Dance

Hip Hop Hits the Stage with Combinado Argentino de Danza

Written By Catherine Hollingsworth
September 16, 2017 at 7:41 PM

Combinado Argentino de Danza’s recent performance at the Colony Theater, produced by MDC Live Arts, was billed as a deconstructed blend of hip-hop, contemporary dance and Malambo (an Argentine folkloric dance). Such a diversity of styles could be challenging to mix, but the company’s fantastically athletic performers pulled it off with style.

Under the direction of Andrea Servera, Combinado Argentino de Danza is a handful of dancers, a beat boxer and a DJ. Each one has the skill and stage presence to hold a solo, but more striking was the unity of the group. Even though the choreography was largely improvisational, each performer seemed to have internalized the movement language of the group.

Combinado Argentino de Danza seems to have a heart of hip hop, which is above all about community. In the after-show Q&A, the dancers explained how they all met at a weekly street fair in Buenos Aires. After seeing each other week after week, they got to know each other and found common goals and passions.

Hip hop may have come from the United States but it has spread all over the world. Shake the Dust, a recent documentary by journalist and filmmaker Adam Sjöberg, produced with hip-hop superstar Nasir “Nas” Jones, portrays hip hop as a truly global movement with remarkable similarities no matter where it takes root. (If you haven’t already seen it, you should Google Shake the Dust right now and rent it through Vimeo). In this documentary, dancers from Uganda to Cambodia to Colombia all talk about hip hop as the center of their life, even though their respective cultural backdrops couldn’t be more different. Each person says it keeps them out of trouble, gives them a sense of family, and plus, it’s cool. On the surface it is a dance and music form with a distinctive style, but underneath it is much more than that, a way of life. Combinado Argentino de Danza seems to be infused with this same ethos.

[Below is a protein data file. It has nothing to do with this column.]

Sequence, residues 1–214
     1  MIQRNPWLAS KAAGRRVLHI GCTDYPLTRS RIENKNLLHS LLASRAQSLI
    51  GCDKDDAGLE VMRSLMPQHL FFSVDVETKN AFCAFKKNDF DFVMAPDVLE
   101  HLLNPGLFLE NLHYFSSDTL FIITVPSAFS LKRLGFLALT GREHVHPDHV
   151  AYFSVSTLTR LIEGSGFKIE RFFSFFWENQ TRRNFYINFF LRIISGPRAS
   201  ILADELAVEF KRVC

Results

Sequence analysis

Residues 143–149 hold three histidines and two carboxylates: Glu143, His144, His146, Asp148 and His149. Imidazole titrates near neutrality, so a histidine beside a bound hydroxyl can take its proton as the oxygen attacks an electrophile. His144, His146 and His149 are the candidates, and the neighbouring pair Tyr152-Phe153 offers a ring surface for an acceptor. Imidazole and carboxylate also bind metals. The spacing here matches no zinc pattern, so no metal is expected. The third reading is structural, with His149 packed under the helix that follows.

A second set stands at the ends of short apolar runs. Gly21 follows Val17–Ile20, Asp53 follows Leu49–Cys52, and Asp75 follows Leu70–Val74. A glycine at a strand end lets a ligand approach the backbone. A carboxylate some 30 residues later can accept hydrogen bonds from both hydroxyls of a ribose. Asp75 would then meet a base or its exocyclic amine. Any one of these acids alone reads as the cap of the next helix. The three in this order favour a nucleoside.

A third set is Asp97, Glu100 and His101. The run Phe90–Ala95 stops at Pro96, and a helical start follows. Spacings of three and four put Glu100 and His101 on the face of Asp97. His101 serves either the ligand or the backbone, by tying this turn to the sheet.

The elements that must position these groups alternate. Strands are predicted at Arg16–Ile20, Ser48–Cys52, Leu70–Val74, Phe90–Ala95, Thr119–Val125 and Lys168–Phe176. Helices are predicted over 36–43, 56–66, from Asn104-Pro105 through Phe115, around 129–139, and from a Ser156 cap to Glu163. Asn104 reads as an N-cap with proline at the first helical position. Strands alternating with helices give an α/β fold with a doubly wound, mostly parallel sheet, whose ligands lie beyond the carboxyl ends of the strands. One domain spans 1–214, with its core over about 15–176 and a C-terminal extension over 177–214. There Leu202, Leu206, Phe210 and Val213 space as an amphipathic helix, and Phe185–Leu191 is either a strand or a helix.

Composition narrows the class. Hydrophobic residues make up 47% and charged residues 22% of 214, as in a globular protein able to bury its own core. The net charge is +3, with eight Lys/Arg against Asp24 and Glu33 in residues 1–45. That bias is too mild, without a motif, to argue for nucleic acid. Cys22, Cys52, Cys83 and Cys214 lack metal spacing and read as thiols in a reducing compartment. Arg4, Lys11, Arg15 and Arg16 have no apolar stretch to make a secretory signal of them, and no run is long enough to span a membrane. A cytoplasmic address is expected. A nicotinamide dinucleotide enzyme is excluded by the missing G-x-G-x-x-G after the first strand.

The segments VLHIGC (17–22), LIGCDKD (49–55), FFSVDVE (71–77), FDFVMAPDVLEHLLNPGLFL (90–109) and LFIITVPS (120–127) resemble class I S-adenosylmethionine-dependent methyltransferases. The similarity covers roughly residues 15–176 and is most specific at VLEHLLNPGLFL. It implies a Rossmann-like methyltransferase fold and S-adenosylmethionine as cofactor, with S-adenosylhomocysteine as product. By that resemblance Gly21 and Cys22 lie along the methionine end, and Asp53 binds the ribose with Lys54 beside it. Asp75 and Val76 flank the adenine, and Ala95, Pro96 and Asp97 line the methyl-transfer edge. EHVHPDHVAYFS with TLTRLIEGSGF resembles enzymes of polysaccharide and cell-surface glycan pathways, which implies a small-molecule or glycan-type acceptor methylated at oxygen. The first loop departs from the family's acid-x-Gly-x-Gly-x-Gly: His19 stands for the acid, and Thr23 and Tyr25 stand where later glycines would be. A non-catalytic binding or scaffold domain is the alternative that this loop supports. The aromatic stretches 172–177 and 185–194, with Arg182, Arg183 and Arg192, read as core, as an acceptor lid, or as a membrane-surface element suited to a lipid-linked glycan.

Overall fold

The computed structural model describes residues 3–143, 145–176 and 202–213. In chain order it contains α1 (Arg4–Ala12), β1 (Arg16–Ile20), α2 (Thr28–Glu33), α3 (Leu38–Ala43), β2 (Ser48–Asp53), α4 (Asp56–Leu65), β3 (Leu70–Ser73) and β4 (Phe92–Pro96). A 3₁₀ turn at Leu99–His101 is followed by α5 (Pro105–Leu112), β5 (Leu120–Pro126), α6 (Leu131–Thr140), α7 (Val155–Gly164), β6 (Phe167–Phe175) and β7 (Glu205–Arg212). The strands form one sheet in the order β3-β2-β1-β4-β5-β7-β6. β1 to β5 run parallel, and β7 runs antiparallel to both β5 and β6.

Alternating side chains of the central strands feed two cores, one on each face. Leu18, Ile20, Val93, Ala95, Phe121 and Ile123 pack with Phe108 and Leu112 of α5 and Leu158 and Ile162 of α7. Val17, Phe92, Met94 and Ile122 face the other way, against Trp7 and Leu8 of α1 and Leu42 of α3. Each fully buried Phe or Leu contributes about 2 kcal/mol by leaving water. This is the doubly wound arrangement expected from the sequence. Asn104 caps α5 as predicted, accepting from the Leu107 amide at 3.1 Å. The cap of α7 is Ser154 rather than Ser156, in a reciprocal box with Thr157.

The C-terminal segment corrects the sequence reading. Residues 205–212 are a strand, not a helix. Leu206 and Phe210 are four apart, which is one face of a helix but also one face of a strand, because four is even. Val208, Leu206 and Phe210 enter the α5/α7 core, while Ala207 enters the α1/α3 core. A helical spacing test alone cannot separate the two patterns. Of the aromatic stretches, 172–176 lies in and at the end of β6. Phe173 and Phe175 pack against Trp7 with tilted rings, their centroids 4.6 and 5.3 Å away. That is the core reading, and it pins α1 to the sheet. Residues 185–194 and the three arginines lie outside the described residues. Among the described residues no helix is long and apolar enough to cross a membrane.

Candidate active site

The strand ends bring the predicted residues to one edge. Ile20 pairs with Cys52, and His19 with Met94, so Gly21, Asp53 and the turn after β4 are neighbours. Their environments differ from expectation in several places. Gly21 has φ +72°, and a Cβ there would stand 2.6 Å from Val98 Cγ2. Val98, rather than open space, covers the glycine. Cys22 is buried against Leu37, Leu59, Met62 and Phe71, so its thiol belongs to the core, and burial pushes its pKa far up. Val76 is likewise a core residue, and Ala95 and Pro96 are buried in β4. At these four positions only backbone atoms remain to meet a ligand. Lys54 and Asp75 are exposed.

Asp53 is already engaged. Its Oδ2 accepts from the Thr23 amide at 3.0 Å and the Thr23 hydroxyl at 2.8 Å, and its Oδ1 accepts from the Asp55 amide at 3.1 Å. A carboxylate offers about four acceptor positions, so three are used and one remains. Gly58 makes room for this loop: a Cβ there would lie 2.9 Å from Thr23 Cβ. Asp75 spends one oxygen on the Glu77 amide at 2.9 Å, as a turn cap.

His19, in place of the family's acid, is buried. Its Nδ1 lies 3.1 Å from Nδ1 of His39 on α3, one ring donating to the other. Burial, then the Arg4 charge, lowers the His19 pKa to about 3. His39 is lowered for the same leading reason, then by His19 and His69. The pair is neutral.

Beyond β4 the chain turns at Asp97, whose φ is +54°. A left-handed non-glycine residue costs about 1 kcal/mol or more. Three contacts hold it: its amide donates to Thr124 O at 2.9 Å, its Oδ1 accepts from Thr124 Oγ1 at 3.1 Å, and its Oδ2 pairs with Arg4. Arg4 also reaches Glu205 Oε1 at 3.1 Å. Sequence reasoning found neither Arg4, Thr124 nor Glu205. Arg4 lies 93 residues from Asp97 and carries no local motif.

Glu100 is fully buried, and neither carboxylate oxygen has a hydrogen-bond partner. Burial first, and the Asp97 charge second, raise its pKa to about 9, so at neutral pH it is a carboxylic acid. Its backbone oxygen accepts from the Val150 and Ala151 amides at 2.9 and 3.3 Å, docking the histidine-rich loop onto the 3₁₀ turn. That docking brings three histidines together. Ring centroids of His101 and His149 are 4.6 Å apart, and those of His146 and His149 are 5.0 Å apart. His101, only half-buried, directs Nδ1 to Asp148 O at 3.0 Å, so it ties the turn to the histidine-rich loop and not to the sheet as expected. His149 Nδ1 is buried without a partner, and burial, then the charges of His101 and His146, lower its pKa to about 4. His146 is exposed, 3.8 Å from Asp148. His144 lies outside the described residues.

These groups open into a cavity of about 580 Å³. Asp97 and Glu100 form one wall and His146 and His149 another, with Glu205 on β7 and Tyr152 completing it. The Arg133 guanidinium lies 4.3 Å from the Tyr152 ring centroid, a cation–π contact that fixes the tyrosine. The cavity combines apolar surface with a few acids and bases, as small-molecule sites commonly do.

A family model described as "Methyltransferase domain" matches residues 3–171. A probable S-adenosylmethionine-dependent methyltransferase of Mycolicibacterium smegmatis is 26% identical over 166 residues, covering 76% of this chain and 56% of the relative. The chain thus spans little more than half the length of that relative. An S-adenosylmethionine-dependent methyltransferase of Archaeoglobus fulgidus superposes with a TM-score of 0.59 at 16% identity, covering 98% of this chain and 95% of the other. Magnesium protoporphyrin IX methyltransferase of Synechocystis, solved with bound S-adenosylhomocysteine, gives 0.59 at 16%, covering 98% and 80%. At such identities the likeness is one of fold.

While they obviously have strong artistic direction and creative leadership, Combinado Argentino de Danza’s performance felt like a hip hop cipher — a group circle supporting the emergence of an individual’s own personal style, whether in break dancing or verbal play. And more literally, break dancing with a punctuation of badass beat boxing from Milo Moya, were the backbone of the company’s group style. At the same time, the sophistication, storytelling, and stage composition of contemporary dance were present, as well as the folkloric style of Malambo. None of these styles was presented in its strictly traditional form, and the blend was fluid.

The performance was definitely contemporary in the largest sense of the word, and not just in dance terms. It didn’t feel like a rehashing of old ideas, instead displaying the kind of multiculturalism that dancers in this era naturally come to embody through their own diversity of experiences and training. The overall effect was original, accessible and impressive entertainment. It comes from the street but it is worthy of the stage. MDC Live Arts must be credited for bringing yet another world-class dance company to Miami.

 

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